Khan, Fisk Reflect on Shared Progress, Challenges in Office
Former executives discuss accomplishments, advice for successors

JINWOO CHONG/THE HOYA Former GUSA President Enushe Khan (MSB ’17) and Vice President Chris Fisk (COL ’17) cited dining and outreach to minority groups as their primary achievements.

JINWOO CHONG/THE HOYA
Former GUSA President Enushe Khan (MSB ’17) and Vice President Chris Fisk (COL ’17) cited dining and outreach to minority groups as their primary achievements.

Former Georgetown University Student Association President Enushe Khan (MSB ’17) and Vice President Chris Fisk (COL ’17) entered office 373 days ago on a campaign platform of creating a more inclusive GUSA, reforming dining and completing the 2036 campus plan.

The Khan-Fisk administration had the largest GUSA executive in recent history, with over 200 members, after restructuring the executive in March to create policy teams, which advocate on issue areas in conjunction with the senate.

The term saw a series of successes in dining and campus planning. In September, the university, residents and GUSA signed a 20-year campus plan that pledged renovations to campus residence halls, and in November, the university signed a new 10-year dining contract with Aramark.

A week after leaving office, Khan and Fisk discussed their proudest accomplishments, the path to creating a more diverse and inclusive GUSA and what they took away from their experience.
This interview has been edited for length and clarity.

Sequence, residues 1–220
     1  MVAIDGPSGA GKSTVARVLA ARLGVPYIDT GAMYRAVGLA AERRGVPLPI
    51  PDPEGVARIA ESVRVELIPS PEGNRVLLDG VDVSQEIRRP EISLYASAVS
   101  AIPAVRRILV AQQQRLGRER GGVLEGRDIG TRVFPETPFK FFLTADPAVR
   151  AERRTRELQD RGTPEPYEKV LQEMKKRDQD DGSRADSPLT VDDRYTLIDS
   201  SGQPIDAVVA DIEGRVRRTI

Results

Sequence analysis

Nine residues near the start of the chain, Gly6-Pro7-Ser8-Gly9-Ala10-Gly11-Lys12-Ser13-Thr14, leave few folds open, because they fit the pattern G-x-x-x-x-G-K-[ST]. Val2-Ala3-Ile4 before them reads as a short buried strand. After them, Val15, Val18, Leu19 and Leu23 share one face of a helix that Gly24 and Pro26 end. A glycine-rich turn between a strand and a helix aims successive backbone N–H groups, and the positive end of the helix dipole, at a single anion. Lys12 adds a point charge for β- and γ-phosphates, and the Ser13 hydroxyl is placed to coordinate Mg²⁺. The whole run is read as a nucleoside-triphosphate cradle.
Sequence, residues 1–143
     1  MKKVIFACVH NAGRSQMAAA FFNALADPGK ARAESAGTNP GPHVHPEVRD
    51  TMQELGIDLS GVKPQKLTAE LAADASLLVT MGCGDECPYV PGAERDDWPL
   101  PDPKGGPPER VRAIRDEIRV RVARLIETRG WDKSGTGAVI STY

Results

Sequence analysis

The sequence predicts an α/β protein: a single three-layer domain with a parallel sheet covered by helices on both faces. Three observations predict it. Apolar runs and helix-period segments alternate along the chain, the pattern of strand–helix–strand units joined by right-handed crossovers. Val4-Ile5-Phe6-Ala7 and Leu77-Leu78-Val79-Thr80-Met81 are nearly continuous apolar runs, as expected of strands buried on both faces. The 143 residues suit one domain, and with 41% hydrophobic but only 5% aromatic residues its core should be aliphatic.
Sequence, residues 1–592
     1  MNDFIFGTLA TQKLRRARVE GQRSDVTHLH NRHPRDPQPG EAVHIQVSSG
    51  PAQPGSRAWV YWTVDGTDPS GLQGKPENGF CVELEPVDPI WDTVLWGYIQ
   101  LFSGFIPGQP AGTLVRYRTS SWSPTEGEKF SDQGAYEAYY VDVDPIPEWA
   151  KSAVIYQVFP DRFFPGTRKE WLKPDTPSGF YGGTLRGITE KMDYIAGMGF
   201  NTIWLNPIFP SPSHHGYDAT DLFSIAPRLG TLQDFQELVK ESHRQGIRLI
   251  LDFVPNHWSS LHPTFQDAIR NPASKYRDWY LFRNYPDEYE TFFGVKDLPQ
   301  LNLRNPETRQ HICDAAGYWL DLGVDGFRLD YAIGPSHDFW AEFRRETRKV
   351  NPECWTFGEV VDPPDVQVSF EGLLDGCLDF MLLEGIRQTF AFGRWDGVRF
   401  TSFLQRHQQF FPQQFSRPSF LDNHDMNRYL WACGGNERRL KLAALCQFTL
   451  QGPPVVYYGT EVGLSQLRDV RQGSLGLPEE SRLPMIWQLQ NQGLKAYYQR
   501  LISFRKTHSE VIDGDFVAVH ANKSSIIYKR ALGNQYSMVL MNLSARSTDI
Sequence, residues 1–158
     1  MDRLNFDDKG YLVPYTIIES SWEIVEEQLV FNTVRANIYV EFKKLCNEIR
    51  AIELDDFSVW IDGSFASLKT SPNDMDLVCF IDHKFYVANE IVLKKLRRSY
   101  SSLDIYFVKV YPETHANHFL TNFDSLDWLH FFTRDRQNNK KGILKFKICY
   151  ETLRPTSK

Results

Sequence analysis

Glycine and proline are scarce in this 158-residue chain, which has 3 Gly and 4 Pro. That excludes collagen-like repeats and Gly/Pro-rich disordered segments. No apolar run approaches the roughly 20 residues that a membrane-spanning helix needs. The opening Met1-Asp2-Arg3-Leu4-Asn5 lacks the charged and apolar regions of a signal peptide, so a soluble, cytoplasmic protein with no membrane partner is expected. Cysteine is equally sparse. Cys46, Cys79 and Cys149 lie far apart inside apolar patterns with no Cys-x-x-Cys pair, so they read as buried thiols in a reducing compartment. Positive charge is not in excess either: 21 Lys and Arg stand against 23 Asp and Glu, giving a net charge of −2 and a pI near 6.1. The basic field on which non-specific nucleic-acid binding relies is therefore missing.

What are you most proud of from your term, as a collective administration and as individuals?
Khan: What I am personally most proud of our term is the fact that the new way that we chose to run our administration allowed for different people, who traditionally would not be involved in GUSA, to play a part and be able to be in the room and make important policy changes. That is something I am really proud of, that this long list of accomplishments is reflective of a different way of engagement of administration and our being able to work with students from across campus and bring them in the room. That has a lot to do with restructuring, but also our trying to reach out to students: ‘We feel like this is your issue area, we want you in the room to speak on behalf of it.’

Fisk: The biggest personal takeaway is understanding what really constitutes leadership. That’s supporting and empowering and respecting people, because if that’s what you’re building — relationships — then everyone has room to be themselves and succeed versus kind of fighting for the limelight or power, so supporting and empowering people as the definition of leadership for me has been the biggest personal takeaway for me.

What are your biggest regrets from your term, as a collective administration and as individuals?
Khan: We would both agree that our shortcoming was something every GUSA administration has struggled with: communicating to the student body, because the general student doesn’t recognize that all this great work happened this year, and people associate GUSA with self-serving individuals who just talk but don’t actually get anything done. But this was really a year, and I am not even talking about me and Chris. There were individuals who genuinely were working day and night to make real changes happen that the student body does not associate with GUSA. There are great things happening that are impacting their daily lives, but they don’t know it was because of GUSA. That’s a struggle, because obviously we wish we communicated it better, but on the other hand, it’s tough to balance why you are doing this work in a way that’s not to make yourself look better and say look what we did, and balancing that with genuinely wanting people’s days to be better even if people don’t know we did it.